Orange, Texas, May 1943, by John Vachon, via Library of Congress Prints and Photographs Division.
Orange, located on the Sabine River, is a deep-water port to the Gulf of Mexico. (It is also the easternmost city in Texas.) A U.S. naval station opened there during WWII, providing a significant boost to the local economy.
“Arranging flowers for alter on last day of service at Japanese Independent Congregational Church, prior to evacuation [internment],” Oakland, California, April 26, 1942, by Dorothea Langefor the U.S. War Relocation Authority, via National Archives Commons on flickr.
All along the Pacific coast — from 1942 to January 1945 — over 110,000 people of Japanese heritage were forced into internment camps. Sixty-two percent were American citizens.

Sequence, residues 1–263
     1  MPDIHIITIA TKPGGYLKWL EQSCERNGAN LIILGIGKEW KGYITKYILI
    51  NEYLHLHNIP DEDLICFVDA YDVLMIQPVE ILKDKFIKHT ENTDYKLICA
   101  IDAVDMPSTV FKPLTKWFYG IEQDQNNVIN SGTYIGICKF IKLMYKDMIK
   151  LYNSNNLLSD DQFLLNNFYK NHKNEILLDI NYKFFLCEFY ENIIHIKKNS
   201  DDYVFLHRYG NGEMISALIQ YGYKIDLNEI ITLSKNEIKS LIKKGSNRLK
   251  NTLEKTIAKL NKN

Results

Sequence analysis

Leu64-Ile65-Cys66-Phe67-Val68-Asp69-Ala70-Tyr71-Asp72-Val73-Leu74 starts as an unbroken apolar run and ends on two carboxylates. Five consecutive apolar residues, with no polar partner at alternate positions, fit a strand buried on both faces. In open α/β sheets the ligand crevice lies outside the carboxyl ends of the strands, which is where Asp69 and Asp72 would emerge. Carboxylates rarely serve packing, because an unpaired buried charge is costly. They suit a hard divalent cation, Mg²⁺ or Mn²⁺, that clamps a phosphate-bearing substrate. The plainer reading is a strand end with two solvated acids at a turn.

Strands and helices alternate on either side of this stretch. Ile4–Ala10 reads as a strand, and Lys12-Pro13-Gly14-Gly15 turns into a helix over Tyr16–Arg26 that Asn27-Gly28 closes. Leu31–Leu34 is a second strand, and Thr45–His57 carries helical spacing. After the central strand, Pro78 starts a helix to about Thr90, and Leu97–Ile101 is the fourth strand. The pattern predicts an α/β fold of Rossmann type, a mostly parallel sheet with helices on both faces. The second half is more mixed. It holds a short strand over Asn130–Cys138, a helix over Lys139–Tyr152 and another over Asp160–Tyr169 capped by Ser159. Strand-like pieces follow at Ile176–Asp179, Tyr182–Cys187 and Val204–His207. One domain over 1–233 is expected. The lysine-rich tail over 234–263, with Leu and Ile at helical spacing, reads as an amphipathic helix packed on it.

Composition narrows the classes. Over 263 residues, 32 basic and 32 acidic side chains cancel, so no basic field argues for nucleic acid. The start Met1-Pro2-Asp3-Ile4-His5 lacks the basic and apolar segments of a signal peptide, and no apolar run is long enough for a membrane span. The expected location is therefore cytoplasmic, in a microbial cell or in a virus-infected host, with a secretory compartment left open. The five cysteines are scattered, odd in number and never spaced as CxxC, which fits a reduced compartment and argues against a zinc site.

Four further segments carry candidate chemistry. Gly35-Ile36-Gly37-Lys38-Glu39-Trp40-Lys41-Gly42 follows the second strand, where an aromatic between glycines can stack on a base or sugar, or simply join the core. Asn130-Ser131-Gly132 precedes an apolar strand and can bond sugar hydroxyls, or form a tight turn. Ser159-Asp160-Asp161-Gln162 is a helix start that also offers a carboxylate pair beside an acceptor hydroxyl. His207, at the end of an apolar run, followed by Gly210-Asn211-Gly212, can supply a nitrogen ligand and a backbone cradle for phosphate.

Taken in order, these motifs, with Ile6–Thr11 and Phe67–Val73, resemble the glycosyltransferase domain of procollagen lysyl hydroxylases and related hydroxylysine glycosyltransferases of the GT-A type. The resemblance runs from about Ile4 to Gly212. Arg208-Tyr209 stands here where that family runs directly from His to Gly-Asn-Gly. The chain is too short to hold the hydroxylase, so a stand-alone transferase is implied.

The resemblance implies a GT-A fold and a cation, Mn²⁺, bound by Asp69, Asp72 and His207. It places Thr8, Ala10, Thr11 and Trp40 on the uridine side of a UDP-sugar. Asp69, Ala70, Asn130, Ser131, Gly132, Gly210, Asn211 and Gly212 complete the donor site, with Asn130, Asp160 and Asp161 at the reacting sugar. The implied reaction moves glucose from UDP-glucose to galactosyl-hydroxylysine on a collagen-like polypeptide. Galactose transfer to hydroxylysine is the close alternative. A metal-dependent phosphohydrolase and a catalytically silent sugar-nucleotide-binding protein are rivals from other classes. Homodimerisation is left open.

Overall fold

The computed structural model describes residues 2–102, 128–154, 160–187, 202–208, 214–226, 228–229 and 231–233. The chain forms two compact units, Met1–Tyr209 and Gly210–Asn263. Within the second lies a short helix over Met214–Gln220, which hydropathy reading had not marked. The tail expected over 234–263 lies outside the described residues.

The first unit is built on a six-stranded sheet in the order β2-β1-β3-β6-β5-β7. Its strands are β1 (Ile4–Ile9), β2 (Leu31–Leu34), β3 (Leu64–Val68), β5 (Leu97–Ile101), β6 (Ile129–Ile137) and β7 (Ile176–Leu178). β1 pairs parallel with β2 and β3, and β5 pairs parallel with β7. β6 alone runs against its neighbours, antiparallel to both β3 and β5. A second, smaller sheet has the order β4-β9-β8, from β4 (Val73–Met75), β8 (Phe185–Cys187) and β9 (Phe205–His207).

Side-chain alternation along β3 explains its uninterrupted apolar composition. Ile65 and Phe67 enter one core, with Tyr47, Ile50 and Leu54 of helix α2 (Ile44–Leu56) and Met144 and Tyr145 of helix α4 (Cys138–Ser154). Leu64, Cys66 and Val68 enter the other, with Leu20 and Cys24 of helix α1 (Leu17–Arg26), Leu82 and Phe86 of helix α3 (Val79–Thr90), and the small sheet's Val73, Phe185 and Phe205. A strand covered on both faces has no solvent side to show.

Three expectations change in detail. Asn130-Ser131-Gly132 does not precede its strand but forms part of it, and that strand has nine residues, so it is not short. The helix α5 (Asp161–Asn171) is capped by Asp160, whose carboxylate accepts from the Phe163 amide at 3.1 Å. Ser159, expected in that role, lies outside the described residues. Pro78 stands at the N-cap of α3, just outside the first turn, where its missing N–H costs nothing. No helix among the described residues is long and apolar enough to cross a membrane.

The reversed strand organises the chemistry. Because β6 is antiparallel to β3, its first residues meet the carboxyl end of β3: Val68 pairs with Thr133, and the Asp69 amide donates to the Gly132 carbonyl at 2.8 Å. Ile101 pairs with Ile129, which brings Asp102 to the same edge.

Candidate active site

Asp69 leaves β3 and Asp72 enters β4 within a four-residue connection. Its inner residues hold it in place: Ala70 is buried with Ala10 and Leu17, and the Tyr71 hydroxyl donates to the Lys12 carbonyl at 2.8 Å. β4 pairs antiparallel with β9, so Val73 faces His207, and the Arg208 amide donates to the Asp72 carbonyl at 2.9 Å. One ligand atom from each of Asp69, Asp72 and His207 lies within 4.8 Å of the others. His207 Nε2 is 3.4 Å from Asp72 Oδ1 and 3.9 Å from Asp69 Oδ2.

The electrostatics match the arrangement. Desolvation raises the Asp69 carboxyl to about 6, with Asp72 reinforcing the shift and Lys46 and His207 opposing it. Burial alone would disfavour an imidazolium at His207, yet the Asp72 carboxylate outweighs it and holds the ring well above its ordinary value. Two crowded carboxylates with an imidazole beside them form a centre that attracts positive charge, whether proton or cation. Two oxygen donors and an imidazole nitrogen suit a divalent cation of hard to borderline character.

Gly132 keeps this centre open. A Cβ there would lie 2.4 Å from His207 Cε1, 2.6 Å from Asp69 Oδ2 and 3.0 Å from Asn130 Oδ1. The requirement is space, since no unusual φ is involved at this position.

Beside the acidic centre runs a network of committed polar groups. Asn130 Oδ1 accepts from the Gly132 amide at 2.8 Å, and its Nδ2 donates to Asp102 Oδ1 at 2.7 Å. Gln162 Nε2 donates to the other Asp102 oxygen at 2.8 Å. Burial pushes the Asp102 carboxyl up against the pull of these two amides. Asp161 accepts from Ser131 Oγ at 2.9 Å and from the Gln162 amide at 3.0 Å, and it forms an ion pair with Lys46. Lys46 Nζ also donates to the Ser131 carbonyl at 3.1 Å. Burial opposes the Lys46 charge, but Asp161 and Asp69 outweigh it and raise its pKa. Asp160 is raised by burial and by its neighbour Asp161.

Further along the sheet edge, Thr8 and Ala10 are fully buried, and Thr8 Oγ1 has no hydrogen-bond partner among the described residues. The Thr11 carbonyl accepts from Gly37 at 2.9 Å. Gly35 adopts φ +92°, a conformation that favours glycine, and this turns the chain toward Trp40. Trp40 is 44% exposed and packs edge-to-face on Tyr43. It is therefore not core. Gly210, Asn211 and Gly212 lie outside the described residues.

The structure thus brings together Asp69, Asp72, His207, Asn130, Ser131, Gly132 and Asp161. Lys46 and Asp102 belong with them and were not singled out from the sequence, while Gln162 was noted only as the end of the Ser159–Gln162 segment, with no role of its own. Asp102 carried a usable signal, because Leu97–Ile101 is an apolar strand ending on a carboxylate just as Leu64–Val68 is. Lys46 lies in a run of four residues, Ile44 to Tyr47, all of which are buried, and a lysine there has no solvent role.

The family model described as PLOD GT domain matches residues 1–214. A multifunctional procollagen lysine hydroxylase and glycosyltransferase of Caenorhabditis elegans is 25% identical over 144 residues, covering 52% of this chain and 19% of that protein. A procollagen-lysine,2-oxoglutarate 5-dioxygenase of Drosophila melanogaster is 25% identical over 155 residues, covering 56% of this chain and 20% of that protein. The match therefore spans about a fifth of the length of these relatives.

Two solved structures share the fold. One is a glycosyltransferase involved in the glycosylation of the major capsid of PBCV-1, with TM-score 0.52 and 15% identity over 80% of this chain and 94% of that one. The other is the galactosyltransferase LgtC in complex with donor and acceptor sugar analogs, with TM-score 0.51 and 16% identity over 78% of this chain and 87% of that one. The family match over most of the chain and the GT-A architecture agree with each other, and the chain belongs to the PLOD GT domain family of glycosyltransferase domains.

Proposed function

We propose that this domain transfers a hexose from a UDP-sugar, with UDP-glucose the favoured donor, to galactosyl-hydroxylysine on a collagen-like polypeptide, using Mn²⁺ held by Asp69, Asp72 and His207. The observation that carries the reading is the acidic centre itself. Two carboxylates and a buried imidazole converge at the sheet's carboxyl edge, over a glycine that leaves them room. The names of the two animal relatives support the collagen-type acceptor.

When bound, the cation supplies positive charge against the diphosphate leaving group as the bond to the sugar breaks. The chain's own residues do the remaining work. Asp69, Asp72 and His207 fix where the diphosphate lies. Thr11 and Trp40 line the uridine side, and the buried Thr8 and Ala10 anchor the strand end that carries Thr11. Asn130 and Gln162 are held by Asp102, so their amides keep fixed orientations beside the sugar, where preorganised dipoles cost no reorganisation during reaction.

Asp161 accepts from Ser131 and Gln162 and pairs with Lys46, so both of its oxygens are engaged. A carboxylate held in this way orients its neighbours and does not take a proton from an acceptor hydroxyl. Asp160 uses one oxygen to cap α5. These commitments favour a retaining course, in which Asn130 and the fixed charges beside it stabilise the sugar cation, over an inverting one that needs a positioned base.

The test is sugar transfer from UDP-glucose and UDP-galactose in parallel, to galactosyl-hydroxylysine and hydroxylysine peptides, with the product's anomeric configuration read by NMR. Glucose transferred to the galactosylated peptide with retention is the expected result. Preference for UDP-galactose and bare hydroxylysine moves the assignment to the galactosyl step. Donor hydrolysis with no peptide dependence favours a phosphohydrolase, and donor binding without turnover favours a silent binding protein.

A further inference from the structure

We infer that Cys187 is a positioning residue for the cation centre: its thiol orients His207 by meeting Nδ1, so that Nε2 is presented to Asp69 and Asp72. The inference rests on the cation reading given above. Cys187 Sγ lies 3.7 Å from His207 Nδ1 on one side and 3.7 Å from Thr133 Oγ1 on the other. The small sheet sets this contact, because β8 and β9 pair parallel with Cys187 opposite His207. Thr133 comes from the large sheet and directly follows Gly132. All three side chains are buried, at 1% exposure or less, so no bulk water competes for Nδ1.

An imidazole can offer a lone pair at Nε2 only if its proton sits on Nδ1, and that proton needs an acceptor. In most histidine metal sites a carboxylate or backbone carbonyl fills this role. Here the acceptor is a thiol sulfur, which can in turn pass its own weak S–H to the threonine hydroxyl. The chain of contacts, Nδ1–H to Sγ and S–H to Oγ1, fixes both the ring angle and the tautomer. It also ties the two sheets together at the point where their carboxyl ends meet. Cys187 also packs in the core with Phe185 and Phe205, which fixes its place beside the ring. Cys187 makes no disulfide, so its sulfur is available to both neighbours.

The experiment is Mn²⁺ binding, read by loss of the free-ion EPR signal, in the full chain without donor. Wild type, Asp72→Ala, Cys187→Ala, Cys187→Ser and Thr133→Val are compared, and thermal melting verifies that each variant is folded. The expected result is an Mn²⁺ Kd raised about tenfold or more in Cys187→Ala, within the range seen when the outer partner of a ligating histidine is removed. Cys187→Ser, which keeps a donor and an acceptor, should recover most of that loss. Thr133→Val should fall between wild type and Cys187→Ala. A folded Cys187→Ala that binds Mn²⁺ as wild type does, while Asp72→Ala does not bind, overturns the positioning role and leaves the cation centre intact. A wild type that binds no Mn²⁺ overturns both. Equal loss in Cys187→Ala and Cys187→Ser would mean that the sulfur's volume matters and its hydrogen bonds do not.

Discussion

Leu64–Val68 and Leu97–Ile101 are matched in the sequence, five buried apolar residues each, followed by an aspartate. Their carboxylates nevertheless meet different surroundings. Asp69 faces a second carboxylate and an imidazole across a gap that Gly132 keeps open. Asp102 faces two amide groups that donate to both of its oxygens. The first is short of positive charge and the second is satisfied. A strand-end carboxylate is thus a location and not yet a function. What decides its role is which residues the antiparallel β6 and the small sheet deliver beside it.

In 1988, in the Civil Liberties Act, the U.S. Government admitted that its actions had been based on “race prejudice, war hysteria, and a failure of political leadership.”
The captions of similar Bubley photos indicate that the image was taken on a Sunday afternoon as she was following sightseeing servicemen around The Mall taking pictures for the Office of War Information Service.
“A citizen working on Sunday morning in the victory garden he has made on the edge of the street,” Oswego, New York, June 1943, by Marjory Collins, via Library of Congress Prints and Photographs Division (all photos here).
“Reports estimate that by 1944, between 18-20 million families with victory gardens were providing 40 percent of the vegetables in America,” according to Smithsonian Gardens.